(i) Section 10 states, “All agreements are contracts if they are made by the free consent of parties competent to contract, for a lawful consideration and with a lawful object, and are not hereby expressly declared to be void.” Section 24 says that IF THE OBJECT OR CONSIDERATION OF AN AGREEMENT IS EVEN PARTIALLY UNLAWFUL, THE AGREEMENT IS VOID. Typically, redevelopment projects have all sorts of unlawful objects and considerations, such as sale of parking spaces and the unspoken black-money “cash component”.
(ii) Section 11 stipulates ‘Who are competent to contract.’ It states, “Every person is competent to contract who is of the age of majority according to the law to which he is subject, and who is of sound mind, and is not disqualified from contracting by any law to which he is subject.” Section 12 stipulates, ‘What is a sound mind for the purposes of contracting’. It states, “A person is said to be of sound mind for the purpose of making a contract if, at the time when he makes it, he is capable of understanding it and of forming a rational judgment as to its effect upon his interests.”
In the case of a society entering into a Redevelopment Contract with a builder, it is rare that the members collectively understand the redevelopment agreement and are “capable of understanding it and forming a rational judgment as to its effect upon his interests”. Many members are bullied and misinformed into agreeing with the builder’s terms. So it can be argued that for the purpose of contracting, they were not of sound mind!
(iii) Section 13 defines ‘Consent’. It states, “Two or more persons are said to consent when they agree upon the same thing in the same sense.” Given the complexity of redevelopment, and in the absence of legal definitions of redevelopment and its components, it may not be very difficult to prove that consent was given without agreeing on the “same thing in the same sense.”
(iv) Section 14 defines ‘free consent’ as being “without coercion, undue influence, fraud and misrepresentation”. Section 16 defines ‘undue influence’. It states, “A contract is said to be induced by undue influence where the relations subsisting between the parties are such that one of the parties is in a position to dominate the will of the other and uses that position to obtain an unfair advantage over the other.” Coercion and undue influence are commonly exercised by the builder upon flat owners, especially after entering into an unholy alliance with managing committee members.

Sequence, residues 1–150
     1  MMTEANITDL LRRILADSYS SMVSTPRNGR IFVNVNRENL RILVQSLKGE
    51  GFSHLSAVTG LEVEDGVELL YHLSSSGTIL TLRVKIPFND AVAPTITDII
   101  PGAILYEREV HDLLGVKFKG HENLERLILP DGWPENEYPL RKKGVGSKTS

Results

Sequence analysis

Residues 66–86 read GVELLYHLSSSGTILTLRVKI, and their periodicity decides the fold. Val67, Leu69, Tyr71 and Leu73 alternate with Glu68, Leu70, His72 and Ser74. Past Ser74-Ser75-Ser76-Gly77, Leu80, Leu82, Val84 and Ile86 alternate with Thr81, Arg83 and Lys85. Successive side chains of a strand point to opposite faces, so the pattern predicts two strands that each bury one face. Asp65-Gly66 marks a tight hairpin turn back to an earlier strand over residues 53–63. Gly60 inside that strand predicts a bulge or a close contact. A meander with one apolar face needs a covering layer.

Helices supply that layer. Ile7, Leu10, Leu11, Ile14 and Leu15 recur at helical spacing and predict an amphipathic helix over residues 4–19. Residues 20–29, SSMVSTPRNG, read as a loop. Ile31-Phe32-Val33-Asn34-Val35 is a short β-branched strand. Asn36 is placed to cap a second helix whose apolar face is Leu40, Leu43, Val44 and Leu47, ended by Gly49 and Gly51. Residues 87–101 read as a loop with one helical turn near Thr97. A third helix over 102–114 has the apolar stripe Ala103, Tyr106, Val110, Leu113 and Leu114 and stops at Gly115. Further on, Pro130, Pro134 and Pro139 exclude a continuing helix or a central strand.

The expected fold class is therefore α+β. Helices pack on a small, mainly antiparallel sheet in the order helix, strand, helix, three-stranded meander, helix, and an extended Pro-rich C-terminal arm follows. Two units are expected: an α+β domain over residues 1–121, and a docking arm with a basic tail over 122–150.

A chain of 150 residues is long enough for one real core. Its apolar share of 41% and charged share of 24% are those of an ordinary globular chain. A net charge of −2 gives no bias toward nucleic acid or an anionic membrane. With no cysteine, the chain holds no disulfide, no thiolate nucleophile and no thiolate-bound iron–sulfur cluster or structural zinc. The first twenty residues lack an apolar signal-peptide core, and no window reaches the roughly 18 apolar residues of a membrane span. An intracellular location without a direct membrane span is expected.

(v) Section 29 describes ‘Agreements void for uncertainty’. It states, “Agreements, the meaning of which is not certain, or capable of being made certain, are void.” The initial agreement with the builder does not completely describe the nature of the transaction, as required by the Contract Act, and yet it seeks to legally bind the society. The builder’s layout plans are drawn up and approved by civic authorities many months or years after the agreement. There is no finality, as the builder keeps changing his layouts without the knowledge and consent of the society members. Unknown to society members or even lawyers, SUCH UNCERTAINTY VOIDS THE CONTRACT.
For the above reasons, the Redevelopment Agreement is either not a contract as defined by the Indian Contract Act, or it becomes void later on. But, such is the widespread ignorance of law, that builders threaten the building society and its members with court action for breach of contract! Fear of bringing the project to a standstill or getting locked in litigation forces flat-owners to agree to new terms and conditions, layout changes, shifting deadlines and various other changes by the builder. REDEVELOPMENT AGREEMENT IS USED LIKE A CHICKEN TRAP; society members are forced to enter deeper and deeper into relationship with the builder who exploits them.
C. HOUSING SOCIETY LACKS MANDATE FOR REDEVELOPMENT UNLESS THE BUILDING IS DILAPIDATED; its mandate is restricted to maintenance of building and common amenities. What most people don’t know is that unless the building is dilapidated, the society does not have legal mandate for seeking redevelopment. To understand why, we have to understand the intent of the law. Each individual buys his own flat by paying money for it, but the society automatically becomes the owner of all the flats in the building in the eyes of the law, and the flat-owner becomes a member. Why? Because, the floor of each flat is the ceiling of the flat below it, and walls, lifts, staircases, compounds, terraces etc. are shared, and must be commonly maintained. For the purpose of joint maintenance of the building, the individual owner is required to surrender a part of his powers or ownership rights to the society.